Visable 360
The B2B magazine for digital sales
Visable 360
The B2B magazine for digital sales

Enhancing customer engagement: getting started

Curiosity, interest, telling a friend – good customer engagement can move customers to do all this and more. Which is why companies should actively work with this important marketing discipline. How they can do this and build up stronger customer loyalty is explained in this guide.

man with laptop

Why customer engagement is so significant

A close relationship to business partners makes a significant contribution to the success of a B2B company. Creating such loyalty is the aim of customer engagement (CE). Its mission is to animate customers to deal with a single manufacturer, brand, product or service in a positive way, or to even interact with it. This can be seen both online and offline:

  • Business deals
  • Reviews
  • Comments
  • Recommendations for improvement
  • Telling a friend

The more frequently such interaction takes place, the higher the customer engagement and therefore the more effective you will be in winning customers and reinforcing the bond with them. Business partners are then …

  • … less likely to look at offers from other companies.
  • … interested in information from the company (news, offers, new products).
  • … more understanding and patient when it comes to problems or complaints.
  • … more likely to provide feedback.

Making customer engagement measurable

The success of customer engagement can be measured – namely based on key performance indicators (KPIs). Companies can leverage these to monitor the success of their CE measures in an objective way, for instance in terms of their reach, interaction and transaction:

  • Examples of reach KPIs are page views of the company’s website and the respective time on site.
  • Examples of interaction KPIs are the click through rate, the bounce rate and the abandonment rate.
  • Examples of transactions KPIs are conversion rate, customer retention rate and customer churn rate.

Additional factors that can be measured for customer engagement are provided by:

  • the willingness of customers to recommend the company or products (net promoter score),
  • the number of activated online customer journey touchpoints, and
  • the number of customers who buy several products compared to all customers (upselling rate).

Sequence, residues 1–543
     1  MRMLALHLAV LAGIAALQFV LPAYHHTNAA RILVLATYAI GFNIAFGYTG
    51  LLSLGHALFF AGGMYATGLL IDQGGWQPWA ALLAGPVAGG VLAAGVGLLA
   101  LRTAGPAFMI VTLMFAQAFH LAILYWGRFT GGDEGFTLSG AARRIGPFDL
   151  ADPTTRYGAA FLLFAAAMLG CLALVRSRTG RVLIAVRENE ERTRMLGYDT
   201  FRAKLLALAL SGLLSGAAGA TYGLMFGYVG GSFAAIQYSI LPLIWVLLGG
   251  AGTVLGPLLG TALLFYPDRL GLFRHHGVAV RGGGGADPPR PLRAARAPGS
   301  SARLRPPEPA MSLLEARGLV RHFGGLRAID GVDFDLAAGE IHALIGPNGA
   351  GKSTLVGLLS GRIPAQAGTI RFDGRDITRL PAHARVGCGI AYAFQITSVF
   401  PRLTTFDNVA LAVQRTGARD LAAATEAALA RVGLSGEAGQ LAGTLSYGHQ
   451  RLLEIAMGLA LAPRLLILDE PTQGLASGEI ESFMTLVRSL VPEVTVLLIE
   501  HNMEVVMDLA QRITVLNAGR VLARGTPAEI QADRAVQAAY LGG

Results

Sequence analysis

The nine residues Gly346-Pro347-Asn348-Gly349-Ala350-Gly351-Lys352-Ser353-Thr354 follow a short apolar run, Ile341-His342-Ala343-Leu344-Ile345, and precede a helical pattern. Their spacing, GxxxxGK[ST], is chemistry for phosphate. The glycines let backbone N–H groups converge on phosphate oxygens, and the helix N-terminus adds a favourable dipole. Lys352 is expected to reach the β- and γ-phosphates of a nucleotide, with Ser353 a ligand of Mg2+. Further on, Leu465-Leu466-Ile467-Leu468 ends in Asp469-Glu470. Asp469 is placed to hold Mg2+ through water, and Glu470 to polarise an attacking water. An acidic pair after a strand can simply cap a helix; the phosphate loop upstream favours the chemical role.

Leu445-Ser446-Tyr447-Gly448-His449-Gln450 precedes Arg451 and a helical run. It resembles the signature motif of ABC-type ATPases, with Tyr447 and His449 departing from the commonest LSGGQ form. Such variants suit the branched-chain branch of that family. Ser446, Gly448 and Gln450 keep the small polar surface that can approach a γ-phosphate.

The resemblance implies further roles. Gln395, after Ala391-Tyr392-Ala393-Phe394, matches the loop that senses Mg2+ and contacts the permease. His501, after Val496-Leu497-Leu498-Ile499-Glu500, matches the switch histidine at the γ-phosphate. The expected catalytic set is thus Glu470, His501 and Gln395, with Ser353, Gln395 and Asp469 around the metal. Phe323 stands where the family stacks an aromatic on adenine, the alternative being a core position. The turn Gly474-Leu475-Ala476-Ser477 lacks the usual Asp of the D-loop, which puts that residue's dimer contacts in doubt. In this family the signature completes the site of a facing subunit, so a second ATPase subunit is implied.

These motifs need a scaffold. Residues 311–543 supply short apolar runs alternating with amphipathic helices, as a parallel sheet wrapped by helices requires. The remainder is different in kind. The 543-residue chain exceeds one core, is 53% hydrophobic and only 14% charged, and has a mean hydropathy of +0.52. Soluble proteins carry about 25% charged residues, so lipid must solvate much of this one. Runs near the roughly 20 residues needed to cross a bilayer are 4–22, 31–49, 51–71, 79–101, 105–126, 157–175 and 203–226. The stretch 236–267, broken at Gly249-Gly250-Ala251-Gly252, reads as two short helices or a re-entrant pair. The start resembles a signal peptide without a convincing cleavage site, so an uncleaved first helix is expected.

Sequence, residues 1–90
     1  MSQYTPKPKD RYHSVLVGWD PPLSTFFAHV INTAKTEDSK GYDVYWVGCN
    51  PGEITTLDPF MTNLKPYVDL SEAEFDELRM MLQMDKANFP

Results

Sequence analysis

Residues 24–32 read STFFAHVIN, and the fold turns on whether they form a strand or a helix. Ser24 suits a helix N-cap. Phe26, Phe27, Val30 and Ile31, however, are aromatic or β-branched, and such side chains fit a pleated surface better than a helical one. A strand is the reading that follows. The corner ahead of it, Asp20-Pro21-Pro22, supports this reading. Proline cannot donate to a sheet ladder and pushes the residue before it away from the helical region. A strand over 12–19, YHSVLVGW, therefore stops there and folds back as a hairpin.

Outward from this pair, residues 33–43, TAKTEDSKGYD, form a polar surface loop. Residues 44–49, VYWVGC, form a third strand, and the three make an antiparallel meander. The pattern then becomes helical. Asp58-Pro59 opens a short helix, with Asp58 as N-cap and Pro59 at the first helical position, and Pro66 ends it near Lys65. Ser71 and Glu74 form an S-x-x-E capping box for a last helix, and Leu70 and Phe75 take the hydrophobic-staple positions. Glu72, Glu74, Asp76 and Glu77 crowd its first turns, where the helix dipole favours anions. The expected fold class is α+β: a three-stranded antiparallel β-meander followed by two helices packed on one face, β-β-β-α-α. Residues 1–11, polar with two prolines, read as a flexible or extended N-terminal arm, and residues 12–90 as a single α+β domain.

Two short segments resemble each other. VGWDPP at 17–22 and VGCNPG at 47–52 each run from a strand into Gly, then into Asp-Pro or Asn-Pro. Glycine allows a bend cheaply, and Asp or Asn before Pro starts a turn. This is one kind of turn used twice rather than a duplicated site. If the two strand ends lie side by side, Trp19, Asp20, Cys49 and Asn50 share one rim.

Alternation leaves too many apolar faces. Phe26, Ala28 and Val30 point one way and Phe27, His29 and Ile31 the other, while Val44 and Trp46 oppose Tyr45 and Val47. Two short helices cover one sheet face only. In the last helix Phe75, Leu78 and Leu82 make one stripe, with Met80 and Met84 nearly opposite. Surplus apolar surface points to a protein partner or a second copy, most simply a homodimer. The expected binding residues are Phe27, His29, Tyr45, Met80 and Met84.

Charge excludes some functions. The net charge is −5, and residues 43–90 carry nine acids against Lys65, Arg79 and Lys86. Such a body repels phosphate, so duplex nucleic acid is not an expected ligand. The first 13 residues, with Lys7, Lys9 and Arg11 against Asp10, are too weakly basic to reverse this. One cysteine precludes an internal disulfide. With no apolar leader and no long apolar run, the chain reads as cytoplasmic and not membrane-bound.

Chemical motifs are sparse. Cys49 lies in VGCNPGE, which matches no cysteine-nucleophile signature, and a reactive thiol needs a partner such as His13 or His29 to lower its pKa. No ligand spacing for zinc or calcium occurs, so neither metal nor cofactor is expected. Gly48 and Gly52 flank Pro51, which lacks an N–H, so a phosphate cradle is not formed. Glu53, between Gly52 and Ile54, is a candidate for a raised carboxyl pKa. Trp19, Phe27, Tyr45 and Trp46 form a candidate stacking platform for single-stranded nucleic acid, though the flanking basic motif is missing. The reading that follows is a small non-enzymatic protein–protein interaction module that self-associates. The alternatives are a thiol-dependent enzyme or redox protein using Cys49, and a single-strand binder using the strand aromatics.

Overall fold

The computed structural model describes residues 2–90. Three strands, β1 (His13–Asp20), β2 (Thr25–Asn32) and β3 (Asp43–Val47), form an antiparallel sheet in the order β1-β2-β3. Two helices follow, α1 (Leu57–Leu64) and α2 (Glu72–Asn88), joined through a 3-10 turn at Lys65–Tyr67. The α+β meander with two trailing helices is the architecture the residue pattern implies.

How to use and increase customer engagement

The various measures show that there are many options for increasing customer engagement using B2B marketing. How and to what extent always depends on the company, the industry and the target group. Here is a selection of approaches you can take:

  • Companies should determine the relevant touchpoints for their customers. The number of touchpoints is not essential in the process – more important is that the touchpoints meet the needs and expectations of the target group. This includes tailored advertising, email marketing or online offers.
  • For binding customers to your brand, the USPs play a huge role. These unique characteristics and their added value should be highlighted.
  • Also important are the communication channels where the customers can be found. Most of them can be communicated with online (social media, email, websites). But there continue to be contact persons who react to printed catalogues and similar advertising material, for instance.
  • The more contact options customers can use for communicating with the company, the better. Which is why it makes sense to offer a wide range of options (letter, phone, email, chats). This also means supporting every kind of digital end device (computers, smartphones, tablets). At the same time, the customer should feel that they are well taken care for. Friendly and attentive service or sales is therefore a matter of course.
  • Individually tailored (and limited) offers often lead to customer engagement on a big scale. Popular products should be advertised in a targeted way to increase the customer’s bond to the range.

Customer engagement can also be increased when companies pay head to recommendations for improvement from customers. This is what the US coffee company Starbucks did. They collected product ideas in 2008 on their website, under “My Starbucks Idea”, from their customers, and after five years got around 150,000 ideas. Of these, 277 ideas were selected to go into an online vote, which recorded two million participants.

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